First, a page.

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Hiring an appraiser to value an estate

You've just inherited your grandmother's antique desk, or your father's coin collection. While the sentimental value may be obvious, the financial value may not be. You could be looking at a considerable financial windfall or just another pretty painting that's hardly worth more than the cost of the frame.

A professional appraisal can help you decide if you should toss it or treasure it.

It pays to know the value of what you own or inherit -- whether you need to purchase insurance, divide up your assets, value an estate or determine the worth of charitable tax deductions. And in many cases, an appraisal is required -- to obtain insurance or to write off taxes on donated items that exceed a certain amount, for example.

David Goodis, CEO of software company Revelex Corp., hired an appraiser after his father died, and he took a look at what was in the estate. "My father had a lot of what I call 'blind' items: paintings, statues, jewelry -- and a lot of items from my grandparents," he says. "I had no idea what they were worth."

Why an appraiser?

An appraiser was able to help Goodis answer his immediate questions about the value of items in his father's estate and then prevent him from making mistakes. "My first concern was, what is all this stuff worth, and second, what should I keep? What would appreciate in value? What is irreplaceable? Where is the market soft? My appraiser gave me unbelievably valuable advice," he says.

"I was going into it blind and I was grieving, so that's a vulnerable position. I wanted someone I could trust who is also knowledgeable. I knew there was value in the estate; I just didn't know what it was," he says.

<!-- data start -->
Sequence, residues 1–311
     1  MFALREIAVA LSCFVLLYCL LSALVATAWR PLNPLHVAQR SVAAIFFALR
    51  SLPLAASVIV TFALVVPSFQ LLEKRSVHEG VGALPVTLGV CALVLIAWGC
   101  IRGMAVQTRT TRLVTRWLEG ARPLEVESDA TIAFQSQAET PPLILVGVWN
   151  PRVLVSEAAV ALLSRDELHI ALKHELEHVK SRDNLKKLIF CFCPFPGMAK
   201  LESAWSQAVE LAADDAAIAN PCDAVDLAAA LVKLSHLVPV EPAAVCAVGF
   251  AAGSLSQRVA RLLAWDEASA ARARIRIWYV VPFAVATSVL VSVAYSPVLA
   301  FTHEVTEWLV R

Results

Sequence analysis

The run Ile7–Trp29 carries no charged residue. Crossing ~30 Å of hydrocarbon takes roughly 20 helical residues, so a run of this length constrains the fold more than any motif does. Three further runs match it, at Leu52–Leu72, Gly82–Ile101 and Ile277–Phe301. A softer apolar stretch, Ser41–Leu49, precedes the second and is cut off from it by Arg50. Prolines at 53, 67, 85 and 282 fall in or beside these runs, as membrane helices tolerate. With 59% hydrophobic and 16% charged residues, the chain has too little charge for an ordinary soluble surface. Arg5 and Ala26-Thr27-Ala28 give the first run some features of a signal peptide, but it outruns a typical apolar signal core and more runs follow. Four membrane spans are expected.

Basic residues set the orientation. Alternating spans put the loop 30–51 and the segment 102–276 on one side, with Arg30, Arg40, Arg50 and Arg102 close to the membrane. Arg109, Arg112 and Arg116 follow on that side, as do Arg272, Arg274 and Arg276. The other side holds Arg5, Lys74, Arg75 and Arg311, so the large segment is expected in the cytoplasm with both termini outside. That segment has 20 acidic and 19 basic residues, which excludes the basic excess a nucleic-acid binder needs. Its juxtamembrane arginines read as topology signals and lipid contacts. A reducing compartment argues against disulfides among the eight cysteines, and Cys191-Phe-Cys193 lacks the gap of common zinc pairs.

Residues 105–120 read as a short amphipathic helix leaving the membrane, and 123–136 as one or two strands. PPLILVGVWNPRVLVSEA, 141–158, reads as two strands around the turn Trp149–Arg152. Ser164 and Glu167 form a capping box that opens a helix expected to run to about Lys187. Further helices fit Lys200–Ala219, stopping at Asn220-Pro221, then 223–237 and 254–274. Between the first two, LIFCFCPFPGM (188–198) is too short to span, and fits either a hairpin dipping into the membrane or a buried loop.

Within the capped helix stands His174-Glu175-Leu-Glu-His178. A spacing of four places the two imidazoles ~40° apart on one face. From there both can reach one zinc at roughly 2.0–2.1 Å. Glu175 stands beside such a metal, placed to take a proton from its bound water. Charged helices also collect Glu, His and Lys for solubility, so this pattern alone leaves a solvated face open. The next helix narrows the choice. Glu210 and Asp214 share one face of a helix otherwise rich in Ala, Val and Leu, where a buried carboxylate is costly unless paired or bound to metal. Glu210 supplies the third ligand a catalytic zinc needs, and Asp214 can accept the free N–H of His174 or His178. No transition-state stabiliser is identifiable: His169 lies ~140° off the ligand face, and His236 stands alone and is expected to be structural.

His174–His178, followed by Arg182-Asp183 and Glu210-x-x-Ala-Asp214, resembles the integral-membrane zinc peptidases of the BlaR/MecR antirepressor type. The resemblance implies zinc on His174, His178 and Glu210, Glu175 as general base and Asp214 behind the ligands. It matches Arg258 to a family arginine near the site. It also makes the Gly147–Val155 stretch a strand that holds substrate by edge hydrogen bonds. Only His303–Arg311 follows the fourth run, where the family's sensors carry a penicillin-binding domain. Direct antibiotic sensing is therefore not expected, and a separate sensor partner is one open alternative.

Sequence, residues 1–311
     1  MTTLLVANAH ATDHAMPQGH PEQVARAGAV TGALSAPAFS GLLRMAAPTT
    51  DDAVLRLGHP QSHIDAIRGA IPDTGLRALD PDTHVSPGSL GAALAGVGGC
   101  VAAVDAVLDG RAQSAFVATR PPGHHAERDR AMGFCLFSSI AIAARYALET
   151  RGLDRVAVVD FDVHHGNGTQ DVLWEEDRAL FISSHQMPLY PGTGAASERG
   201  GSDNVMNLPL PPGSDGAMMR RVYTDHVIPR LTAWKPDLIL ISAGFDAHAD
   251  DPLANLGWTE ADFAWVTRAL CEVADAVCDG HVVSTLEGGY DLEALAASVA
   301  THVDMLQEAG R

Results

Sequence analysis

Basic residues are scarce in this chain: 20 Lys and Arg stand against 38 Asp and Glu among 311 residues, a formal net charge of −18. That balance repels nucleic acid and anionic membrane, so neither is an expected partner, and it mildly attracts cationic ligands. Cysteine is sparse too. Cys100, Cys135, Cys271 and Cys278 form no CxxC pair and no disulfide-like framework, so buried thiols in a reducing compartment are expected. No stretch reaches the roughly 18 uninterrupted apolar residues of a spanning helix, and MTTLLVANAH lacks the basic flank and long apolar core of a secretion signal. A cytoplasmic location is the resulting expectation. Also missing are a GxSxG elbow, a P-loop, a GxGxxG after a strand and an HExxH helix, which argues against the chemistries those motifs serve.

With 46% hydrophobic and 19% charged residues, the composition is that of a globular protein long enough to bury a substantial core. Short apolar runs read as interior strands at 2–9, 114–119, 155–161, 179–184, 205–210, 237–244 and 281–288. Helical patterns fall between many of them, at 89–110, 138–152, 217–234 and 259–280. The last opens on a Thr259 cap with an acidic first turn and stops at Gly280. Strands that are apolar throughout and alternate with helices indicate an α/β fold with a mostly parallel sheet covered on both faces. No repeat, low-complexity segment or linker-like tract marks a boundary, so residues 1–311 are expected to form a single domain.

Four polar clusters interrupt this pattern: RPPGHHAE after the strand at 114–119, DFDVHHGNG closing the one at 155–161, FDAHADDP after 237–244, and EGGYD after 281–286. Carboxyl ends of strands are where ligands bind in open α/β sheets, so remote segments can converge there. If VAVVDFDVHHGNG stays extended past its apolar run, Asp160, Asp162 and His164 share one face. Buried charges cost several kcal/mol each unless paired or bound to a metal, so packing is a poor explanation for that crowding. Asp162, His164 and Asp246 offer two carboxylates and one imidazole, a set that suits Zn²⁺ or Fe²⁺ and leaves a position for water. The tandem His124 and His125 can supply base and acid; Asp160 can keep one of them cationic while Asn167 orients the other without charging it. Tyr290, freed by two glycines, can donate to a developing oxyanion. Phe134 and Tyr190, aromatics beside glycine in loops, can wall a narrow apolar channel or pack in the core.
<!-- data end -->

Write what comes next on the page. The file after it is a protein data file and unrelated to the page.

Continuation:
Andrew Kravit, president of Kravit Estate Holdings and the appraiser who helped Goodis, says estate valuations aren't always done after death. "Some people want to know the value while they're alive so they can divide the estate evenly," he says. "In a lot of situations, we help avoid complications in the family."

Internet offers limited information

Although many inheritors think they can go on the Internet and find out the value of specific items, there's rarely enough detail to make an apples-to-apples comparison, Kravit says. "Almost everyone who inherits finds out that items are worth less than they thought. The original owners are the level-headed ones," he adds. "Inheritors see things online and think they're worth more, but different items look the same on the Internet. For example, if you have a Patek Philippe watch from the '60s, you need to know if the dial is original, what the metal is and details about the specific model."

Art, in particular, can be difficult to appraise because each is a unique piece, Kravit says. "A lot depends on the subject matter, the period, the condition; there are a lot of intricacies involved."

Man holding old 1901 British penny © Sue McDonald/Shutterstock.com

Riches lurk in unexpected places

Gayle Skluzacek, principal and executive appraiser of Abigail Hartmann Associates, says the process of valuing an estate can lead to some unexpected discoveries. "As people get older, they forget where they put things," she says. "I've often found jewelry or coins hidden throughout the house -- under a mattress or in pockets. Never give away clothes without looking in the pockets first."

One woman came to her with a painting she had purchased in the 1960s, but Skluzacek discovered a more valuable work of art on the backside. "The painting on the front was probably worth $80,000, but the one on the back was worth $7.5 million."

But more common, she says, is the flip side of the discovery. "People think their family history is valuable. Family history itself has no value. Just because Great Grandma had it, doesn't mean someone wants to buy it."

Unique value of sentimental favorites

Many of the heirs she advises keep items for the sentimental, rather than monetary, value. "They appreciate the piece just because it was Mummy's," Skluzacek says.

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